Maine Catholics Urge Others to Vote Their Consciences on Marriage Equality Referendum

As we come into the final week before Election Day, Catholics in Maine are becoming more public about their support for the state’s referendum to legalize marriage equality, while the Catholic bishop there is becoming more vocal about his opposition.

Catholics for Marriage Equality, the state’s organization of Catholic in favor of the referendum, took out quarter-page ads in three Maine newspapers this past Sunday urging people to vote for marriage equality.  100 Catholics across the state put their names to the ad to show their support.

In a Boston Globe news story, Anne Underwood, the lead organizer of Catholics for Marriage Equality, explained the background for the ad statement:

Anne Underwood

‘‘ ‘The premise is we support marriage for same-sex couples because it’s a matter of conscience,’’ said Underwood, an attorney from Topsham. ‘’And Catholics have an obligation to form their own consciences, especially on political issues and issues of morality.’ ’’

(You can view a video clip of an interview with Underwood by clicking here.)

The same news story quotes former governor of Maine, John Baldacci, a Catholic who is a strong supporter of marriage equality:

‘‘While we’re tremendously respectful, we also recognize that God gave us the ability of free choice and to be able to follow our hearts. When we see people who want to make a lifelong commitment to each other, that’s something we should be praising and supporting.’’

Baldacci recently hosted two spaghetti dinners to raise awareness for the marriage equality referendum.

Meanwhile, the state’s Bishop Richard Malone, the state’s Catholic ordinary who is governing the diocese from his new diocese in Buffalo, New York, issued a statement that any Catholic who votes for marriage equality is opposing Catholic doctrine.  He stated, in part:

Bishop Richard Malone

‘‘A Catholic whose conscience has been properly formed by scripture and church teachings cannot justify a vote for a candidate or referendum question that opposes the teachings of the church. The definition of marriage as the union of one man and one woman, open to the birth of children, is a matter of established Catholic doctrine.’’

In response to the bishop’s statement, a Catholics for Marriage Equality spokesperson encouraged Catholics to vote as their conscience directs them:

“ ‘Emotionally, I have to say I’m disappointed and embarrassed a little bit that he would put out a statement like this,’ Frank O’Hara of Catholics for Marriage Equality said Thursday in a telephone interview. ‘In some respect, I think the bishop is overstepping the bounds of church teaching by telling Catholics how we should vote on an issue.’ ”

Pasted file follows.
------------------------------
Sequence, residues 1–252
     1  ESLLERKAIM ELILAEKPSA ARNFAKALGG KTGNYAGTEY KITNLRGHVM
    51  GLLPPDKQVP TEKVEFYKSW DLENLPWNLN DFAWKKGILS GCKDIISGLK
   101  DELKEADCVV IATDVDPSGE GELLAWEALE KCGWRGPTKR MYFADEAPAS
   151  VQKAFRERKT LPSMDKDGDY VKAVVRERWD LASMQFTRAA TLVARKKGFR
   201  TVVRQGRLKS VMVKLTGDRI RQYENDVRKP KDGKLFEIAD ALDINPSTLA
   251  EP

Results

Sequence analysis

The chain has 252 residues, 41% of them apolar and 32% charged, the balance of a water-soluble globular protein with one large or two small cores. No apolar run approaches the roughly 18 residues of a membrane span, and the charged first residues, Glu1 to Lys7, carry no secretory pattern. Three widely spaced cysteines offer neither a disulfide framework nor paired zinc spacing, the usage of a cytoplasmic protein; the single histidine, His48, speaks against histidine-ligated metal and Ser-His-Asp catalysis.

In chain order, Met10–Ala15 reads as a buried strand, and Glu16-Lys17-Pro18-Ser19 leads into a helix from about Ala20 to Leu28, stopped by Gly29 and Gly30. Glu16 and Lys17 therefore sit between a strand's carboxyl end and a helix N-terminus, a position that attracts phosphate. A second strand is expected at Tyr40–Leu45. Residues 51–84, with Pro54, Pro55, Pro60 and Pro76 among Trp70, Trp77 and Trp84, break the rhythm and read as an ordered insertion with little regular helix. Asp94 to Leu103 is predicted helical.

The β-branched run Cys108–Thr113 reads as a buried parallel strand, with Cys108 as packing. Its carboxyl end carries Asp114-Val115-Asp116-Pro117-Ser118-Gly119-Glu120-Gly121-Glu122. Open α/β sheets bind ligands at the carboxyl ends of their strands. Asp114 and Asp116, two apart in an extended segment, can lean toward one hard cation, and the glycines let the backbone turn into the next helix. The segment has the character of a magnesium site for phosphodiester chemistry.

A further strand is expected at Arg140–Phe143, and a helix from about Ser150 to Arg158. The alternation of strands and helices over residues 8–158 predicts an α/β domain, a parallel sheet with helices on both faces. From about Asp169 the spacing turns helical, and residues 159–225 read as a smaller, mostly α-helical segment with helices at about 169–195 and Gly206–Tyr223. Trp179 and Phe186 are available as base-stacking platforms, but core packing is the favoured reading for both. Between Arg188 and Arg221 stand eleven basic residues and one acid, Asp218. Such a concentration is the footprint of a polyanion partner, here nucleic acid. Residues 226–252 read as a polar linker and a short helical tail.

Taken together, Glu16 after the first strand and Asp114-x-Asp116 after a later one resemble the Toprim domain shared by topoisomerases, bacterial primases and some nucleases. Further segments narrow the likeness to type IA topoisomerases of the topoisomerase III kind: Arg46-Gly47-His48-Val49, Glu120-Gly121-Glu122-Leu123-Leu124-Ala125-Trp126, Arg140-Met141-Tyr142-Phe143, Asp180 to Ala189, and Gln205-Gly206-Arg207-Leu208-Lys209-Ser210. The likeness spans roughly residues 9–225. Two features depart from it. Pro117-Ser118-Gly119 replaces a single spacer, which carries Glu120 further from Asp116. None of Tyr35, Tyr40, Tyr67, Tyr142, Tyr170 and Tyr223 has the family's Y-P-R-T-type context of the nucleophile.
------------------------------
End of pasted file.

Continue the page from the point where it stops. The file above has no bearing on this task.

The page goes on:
“O’Hara, 62, of Hallowell said he and other Catholics who support same-sex marriage will be voting their consciences on Election Day.

“’The Catechism of the Catholic Church states that “man must not be forced to act contrary to his conscience,’” O’Hara said in a statement issued late Thursday afternoon by Catholics for Marriage Equality. ‘Bishops cannot ask Catholics to vote against their consciences. No council has ever given them the authority to dictate obedience in matters of politics and civil government.’

“O’Hara agreed with Malone that Catholics for Marriage Equality does not speak for the Catholic church or every Catholic in Maine.

“ ‘We do, however, speak for an important group of Catholics, all of whom are part of the universal church,’ he said. ‘In this perspective, the bishop does not speak for all Catholics either, at least insofar as politics and government are concerned.’ “

In a related item, the Knights of Columbus have recently donated $100,000 to the campaign in Maine opposed to the marriage equality referendum, according to a news story in the Kennebec Journal. 

--Francis DeBernardo, New Ways Ministry

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2 Responses to Maine Catholics Urge Others to Vote Their Consciences on Marriage Equality Referendum

  1. [...] of methods to get their message across:  public vigils, YouTube videos, community forums, and newspaper advertisements, to name only a [...]

  2. [...] of methods to get their message across:  public vigils, YouTube videos, community forums, and newspaper advertisements, to name only a [...]

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